By Kelleigh Savoie
From BBM to brick and mortar. How Boom J's found it's roots in instant messaging.
Here at Smoke Show, we have a deep appreciation for Jamaican jerk spice. Apart from the simple fact that jerk is objectively delicious, it is historically and culturally significant. The history of jerk holds meaning beyond the obvious. Jerk style cooking is an important part of Jamaican heritage. It illustrates the resilience of the traditional inhabitants, who made use of this cooking method to survive, and an innate ability to acclimate. Jerk is not just a spice. It is a tangible representation of adaptability. Over time, jerk style cooking has travelled from Jamaica alongside the global settlement and communities, becoming a staple international dish. Montreal serves as an example of this. We have a vibrant Jamaican community here, and local Jamaican owned restaurants give us access to traditional dishes. Appreciating this food provides an opportunity to support black owned businesses, while being treated to a unique culinary adventure.
Being surrounded by so many opportunities, we felt we had no choice but to ask someone who learned about cooking traditional Jamaican dishes through first hand experience. We had the pleasure of speaking to Jermaine, owner of local Montreal Jamaican restaurant Boom J’s about his journey.
The road that led to Jermaine establishing Boom J’s is a testament to the idea that hard work and perseverance pay off. While working a seasonal job, he toyed with the idea of going back to culinary school, but never felt supported in that endeavor. Jermaine had developed a passion for cooking by observing and helping his mom from about 6 years old. He said that growing up in Jamaica, it was only natural to cook and to learn from your elders. Today, his recipes are inspired from what his mother passed on to him at a young age. She provided him with the knowledge of traditional Jamaican cooking, and through his own experience, he was able to put a unique twist on his dishes.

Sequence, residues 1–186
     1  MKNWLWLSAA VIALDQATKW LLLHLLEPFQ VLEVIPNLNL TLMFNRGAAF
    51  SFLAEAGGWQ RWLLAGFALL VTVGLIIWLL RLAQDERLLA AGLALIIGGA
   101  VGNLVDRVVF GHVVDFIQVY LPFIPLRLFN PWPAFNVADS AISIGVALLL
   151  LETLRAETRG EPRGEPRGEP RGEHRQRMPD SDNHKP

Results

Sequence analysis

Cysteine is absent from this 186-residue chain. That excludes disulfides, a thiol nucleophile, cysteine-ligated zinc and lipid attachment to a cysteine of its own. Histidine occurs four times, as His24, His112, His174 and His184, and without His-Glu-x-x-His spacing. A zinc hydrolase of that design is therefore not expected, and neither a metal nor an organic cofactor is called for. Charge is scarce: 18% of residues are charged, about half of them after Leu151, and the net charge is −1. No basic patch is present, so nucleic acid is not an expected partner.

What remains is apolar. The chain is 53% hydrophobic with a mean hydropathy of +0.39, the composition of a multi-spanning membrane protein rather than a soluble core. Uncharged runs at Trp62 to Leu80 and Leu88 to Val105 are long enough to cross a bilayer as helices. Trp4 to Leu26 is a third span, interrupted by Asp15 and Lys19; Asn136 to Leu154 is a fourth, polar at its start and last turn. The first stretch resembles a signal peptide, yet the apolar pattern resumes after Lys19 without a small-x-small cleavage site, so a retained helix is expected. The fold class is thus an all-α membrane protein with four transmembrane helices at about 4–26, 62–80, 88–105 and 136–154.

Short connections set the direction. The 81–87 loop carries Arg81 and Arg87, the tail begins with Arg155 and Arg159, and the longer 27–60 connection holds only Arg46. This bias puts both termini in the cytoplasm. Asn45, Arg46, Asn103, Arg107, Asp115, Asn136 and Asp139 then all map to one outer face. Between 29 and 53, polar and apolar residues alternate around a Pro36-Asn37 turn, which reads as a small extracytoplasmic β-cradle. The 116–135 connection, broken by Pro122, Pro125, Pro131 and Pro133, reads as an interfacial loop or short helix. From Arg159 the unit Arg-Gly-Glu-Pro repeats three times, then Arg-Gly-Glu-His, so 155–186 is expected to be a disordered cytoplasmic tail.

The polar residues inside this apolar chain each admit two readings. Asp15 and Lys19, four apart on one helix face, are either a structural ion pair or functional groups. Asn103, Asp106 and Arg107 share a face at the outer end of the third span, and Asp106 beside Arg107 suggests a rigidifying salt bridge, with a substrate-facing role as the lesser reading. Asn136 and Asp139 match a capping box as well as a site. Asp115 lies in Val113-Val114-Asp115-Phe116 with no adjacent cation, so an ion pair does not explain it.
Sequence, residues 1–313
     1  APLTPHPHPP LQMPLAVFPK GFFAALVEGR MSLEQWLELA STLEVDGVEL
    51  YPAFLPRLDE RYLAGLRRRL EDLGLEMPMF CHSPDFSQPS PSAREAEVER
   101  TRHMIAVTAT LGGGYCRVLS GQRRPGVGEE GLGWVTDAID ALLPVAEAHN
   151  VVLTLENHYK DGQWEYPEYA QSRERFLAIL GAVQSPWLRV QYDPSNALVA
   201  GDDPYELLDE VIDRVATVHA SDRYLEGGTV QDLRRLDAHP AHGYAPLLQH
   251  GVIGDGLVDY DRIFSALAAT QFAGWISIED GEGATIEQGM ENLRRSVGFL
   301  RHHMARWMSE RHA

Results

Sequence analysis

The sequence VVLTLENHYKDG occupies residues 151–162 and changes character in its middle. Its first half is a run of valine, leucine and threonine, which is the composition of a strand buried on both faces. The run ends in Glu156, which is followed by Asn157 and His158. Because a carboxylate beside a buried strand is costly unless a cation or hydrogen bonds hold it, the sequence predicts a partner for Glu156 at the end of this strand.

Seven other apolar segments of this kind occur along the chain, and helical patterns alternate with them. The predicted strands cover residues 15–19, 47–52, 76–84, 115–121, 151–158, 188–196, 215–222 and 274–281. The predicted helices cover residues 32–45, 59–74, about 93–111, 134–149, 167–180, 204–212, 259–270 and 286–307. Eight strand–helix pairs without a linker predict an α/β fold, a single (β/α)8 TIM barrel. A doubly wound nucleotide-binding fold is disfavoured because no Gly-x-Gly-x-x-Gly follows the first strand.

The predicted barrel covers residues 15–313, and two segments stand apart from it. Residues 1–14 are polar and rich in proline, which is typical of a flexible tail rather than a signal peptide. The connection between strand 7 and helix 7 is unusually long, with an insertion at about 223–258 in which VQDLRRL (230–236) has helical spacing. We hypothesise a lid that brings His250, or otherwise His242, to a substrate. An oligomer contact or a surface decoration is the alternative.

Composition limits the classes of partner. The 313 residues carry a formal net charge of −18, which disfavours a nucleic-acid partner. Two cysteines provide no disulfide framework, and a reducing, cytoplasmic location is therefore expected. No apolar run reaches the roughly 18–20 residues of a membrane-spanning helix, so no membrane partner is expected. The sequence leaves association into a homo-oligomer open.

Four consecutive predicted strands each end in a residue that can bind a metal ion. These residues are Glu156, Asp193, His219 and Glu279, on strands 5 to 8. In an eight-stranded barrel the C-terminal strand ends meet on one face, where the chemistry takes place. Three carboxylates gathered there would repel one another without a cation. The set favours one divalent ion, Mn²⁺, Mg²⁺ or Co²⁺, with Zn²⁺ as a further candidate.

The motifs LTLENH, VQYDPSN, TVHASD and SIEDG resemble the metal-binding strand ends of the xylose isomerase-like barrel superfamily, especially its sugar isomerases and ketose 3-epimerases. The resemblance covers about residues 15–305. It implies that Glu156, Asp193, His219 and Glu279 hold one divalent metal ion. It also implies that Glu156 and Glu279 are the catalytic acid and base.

The Boom J’s origin story is one for the books. In 2009, Jermaine decided he was ready to seriously pursue his passion. He explained that this was during the height of Blackberry messaging, otherwise known as good old BBM. Jermaine started sending out broadcast menus offering his Jamaican food through BBM. He would spend his days getting orders, cooking, and delivering to whoever on his friends list wanted. He explained that this system really kicked off, and eventually became too large to conduct from his home kitchen. Faced with the problem of his new business outgrowing his old space, he made a deal with a local youth center, “Youth in Motion”, to use their kitchen in exchange for taking his time to teach the young members how to cook. He spent a year and a half in the youth center kitchen building up his clientele, and when it became substantial, he was able to finally open up Boom J’s.
Boom J’s is authentic on all fronts. Located on Wellington, they serve bona fide classics like beef patties and jerk chicken, but also offers customers dishes that are less familiar, including fried king fish and saltfish. When asked how Montrealers respond to these dishes, Jermaine explained that he’s noticed a growing tendency towards adventurism when it comes to food. Dishes on his menu that once may not have been as mainstream, like his red snapper, are becoming more and more popular as the trend grows.
Jermaine also offered up advice for the home chefs looking to experiment with Jamaican cooking, such as jerk. According to him, the best way to cook jerk is the traditional method. In a perfect world jerk is made in a fire pit, but that may be unrealistic for the average home chef. It needs to be slow cooked to perfection, ideally with a smoker or a grill. The biggest takeaway was that as Jermaine put it, “jerk is a traditional dish, but is open to many twists”. He emphasized experimenting with your flavour, with the spice level and with the ingredients you use. You can have fun with cooking jerk dishes, and that’s what makes it exciting!
If you are curious about jerk but unsure where to start, we put together this simple recipe, utilizing our own jerk spice, to try at home. Remember though, as Jermaine explained, don't worry about following this recipe step by step. Have fun with it and get creative!